As of February 2019 in Chrome Version 71.0.3578.98 on Mac , the following program throws Uncaught RangeError: Maximum call stack size exceeded error. at a count of 16516.

const a = x => {
  a(x + 1)


I've done quite a bit of Googling, but wasn't able to find any articles discussing Chrome or other browser support for Tail Call Optimization (TCO) or any future plans to implement it.

My two questions are:

  1. Is TCO currently supported in Chrome or any other browser or Javascript Engine
  2. Are there plans to implement TCO in the near future in any Javascript Engine

The posts that I've found are mostly old (2016 or earlier) or simply confusing. e.g. https://www.chromestatus.com/feature/5516876633341952


2 Answers 2


TCO, or rather, Tail Call Elimination in JavaScript -- also often referred to as Proper Tail Calls (PTC) in discussions -- is a long and sad story.

Around 2011, TC39 (the JavaScript standards committee) decided to adopt mandatory TCE for the forthcoming ES6 standard, with consensus from all major browser vendors.

In 2015, the new standard was officially adopted, under the name EcmaScript 2015. At this point, no browser had actually implemented TCE, mostly because there were too many new features in ES2015 that were deemed more important to get out. (Today's process for JS feature proposals and their adoption, which includes the requirement of two implementations in production engines, did not yet exist for ES6.)

In early 2016, both Safari and Chrome implemented TCE. Safari announced shipping it, while Chrome kept it behind an Experimental Feature flag. Other browsers (Firefox and Internet Explorer / Edge) started looking into it as well and had second thoughts. Discussion evolved whether this is a viable feature after all. Edge had problems implementing it efficiently for the Windows ABI, Firefox was concerned about the developer experience of calls "missing" from stack traces (an issue that was already discussed at length in 2011).

In an attempt to address some of these concerns while rescuing the tail call feature, several members, including the Chrome and Edge teams, proposed to make tail calls explicit, i.e., require return statements to be annotated with an additional keyword to opt into tail call semantics. These so-called "syntactic tail calls" (STC) were implemented in Chrome as a proof of concept.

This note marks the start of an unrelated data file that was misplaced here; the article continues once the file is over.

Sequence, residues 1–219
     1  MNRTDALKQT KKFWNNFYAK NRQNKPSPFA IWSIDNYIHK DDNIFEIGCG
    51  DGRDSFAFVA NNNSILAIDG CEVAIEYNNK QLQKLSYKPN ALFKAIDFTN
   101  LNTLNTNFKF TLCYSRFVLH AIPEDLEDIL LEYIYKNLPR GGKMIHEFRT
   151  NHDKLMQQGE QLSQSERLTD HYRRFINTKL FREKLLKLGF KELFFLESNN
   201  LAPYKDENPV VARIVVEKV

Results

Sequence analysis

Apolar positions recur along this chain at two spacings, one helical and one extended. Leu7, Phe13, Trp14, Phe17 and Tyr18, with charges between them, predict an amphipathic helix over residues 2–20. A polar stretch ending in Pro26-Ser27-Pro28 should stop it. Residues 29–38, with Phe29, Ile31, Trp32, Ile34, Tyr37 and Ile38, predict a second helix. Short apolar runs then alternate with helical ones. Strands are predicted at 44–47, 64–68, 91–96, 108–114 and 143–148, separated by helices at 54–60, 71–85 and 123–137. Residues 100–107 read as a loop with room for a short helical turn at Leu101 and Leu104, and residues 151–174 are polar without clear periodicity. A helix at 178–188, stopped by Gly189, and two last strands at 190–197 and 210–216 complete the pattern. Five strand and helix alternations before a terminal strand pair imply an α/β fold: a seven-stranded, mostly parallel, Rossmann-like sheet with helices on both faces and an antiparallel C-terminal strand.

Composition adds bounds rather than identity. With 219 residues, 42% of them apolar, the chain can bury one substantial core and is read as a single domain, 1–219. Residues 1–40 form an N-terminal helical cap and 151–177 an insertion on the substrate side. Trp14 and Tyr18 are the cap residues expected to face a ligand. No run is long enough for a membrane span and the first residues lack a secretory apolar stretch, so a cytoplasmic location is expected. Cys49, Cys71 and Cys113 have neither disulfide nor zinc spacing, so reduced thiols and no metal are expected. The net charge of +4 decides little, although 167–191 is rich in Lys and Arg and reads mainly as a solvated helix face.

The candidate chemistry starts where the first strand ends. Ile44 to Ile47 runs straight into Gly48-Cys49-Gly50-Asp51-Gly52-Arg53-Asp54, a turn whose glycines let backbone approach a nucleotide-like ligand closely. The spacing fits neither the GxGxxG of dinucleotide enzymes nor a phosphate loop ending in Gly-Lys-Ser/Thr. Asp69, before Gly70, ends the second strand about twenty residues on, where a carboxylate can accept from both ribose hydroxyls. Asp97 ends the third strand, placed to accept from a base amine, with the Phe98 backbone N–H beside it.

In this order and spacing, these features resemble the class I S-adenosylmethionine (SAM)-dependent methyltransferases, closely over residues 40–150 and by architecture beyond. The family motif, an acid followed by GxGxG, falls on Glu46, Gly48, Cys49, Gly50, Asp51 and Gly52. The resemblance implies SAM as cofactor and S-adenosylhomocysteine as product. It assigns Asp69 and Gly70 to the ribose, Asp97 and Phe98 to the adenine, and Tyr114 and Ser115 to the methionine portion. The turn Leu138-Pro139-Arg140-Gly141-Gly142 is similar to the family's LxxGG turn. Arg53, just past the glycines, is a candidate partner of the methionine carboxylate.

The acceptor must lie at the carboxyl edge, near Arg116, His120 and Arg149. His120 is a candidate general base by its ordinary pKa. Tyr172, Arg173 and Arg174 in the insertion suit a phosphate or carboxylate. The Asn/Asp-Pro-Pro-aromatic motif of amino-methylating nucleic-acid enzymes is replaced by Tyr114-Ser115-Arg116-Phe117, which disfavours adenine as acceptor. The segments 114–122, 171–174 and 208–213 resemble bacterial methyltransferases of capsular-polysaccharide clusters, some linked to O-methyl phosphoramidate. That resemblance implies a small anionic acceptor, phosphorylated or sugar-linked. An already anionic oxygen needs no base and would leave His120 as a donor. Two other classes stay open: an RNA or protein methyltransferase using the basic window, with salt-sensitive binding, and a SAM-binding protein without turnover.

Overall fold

At the May 2016 TC39 meeting the issue of tail calls was discussed extensively for almost an entire day with no resolution. Firefox and Edge made clear that they would not implement TCE as specified in the standard. Firefox members proposed to take it out. Safari and Chrome did not agree with that, and the Safari team made clear that they have no intention of unshipping TCE. The proposal for syntactic tail calls was rejected as well, especially by Safari. The committee was in an impasse. You can read the meeting notes of this discussion.

Technically, this impasse still exists today, as far as I am aware. Practically speaking, though, tail calls for JavaScript are pretty much dead, and it's unclear whether they will ever come back. At least that was the conclusion of the Chrome team after the disastrous meeting, which led to the decision to remove the implementation of tail calls from Chrome, in order to simplify the engine and prevent bit rot. They are still available in Safari.

Disclosure: I was a member of TC39 and of the Chrome/V8 team until 2017, so my views may be biased.

  • 1
    Nice answer! You might want to re-post it at ES6 Tail Recursion Optimisation Stack Overflow or Why do no javascript engines support tail call optimization? - I consider closing this as a duplicate then
    – Bergi
    Commented Feb 16, 2019 at 13:27
  • 1
    Thank you for your amazing answer. Much appreciated!
    – Ben
    Commented Feb 17, 2019 at 11:36
  • 2
    (Sadly) very illustrative answer. Just for future reference, it is worth mentioning that there is a thoroughly tested library github.com/glathoud/fext that may be a good alternative to patterns like trampoline
    – cortopy
    Commented Jul 2, 2019 at 20:16
  • 1
    @Tom, I wouldn't say sabotage, but in the end it was both Microsoft and Mozilla who made clear that they don't want to implement them, as mentioned in my answer. Commented Sep 19, 2019 at 19:02
  • 2
    The "Syntactic tail calls" would have been a great addition - any language that supports PTC would benefit from having some syntactic way to mark the developer's intention of using tail call recursion, to help future maintainers to not accidentally refactor out the optimization. Commented Jan 21, 2021 at 23:35

Even tho TCO seems to be a pipe dream for all of us, by using a trampoline technique, you can easily convert your code to run as if it is being tail optimized.

const a = x => {
  if(x > 500000) {
  return ()=> a(x + 1); //you return a function, it hasn't been called yet

const trampoline = fn => (...args) => {
  let result = fn(...args)
  //repeatedly call the function till you hit your base case
  while (typeof result === 'function') {
    result = result();
  return result;

var t = trampoline(a);

  • 2
    That's very clever, but it only works for functions that call themselves, not other functions, in the tail position.
    – Ron Inbar
    Commented Apr 1, 2022 at 11:57
  • @RonInbar You can call other functions using the same technique, but the return value of those functions should also use the inline function syntax shown above.
    – kevlened
    Commented Mar 5 at 18:16

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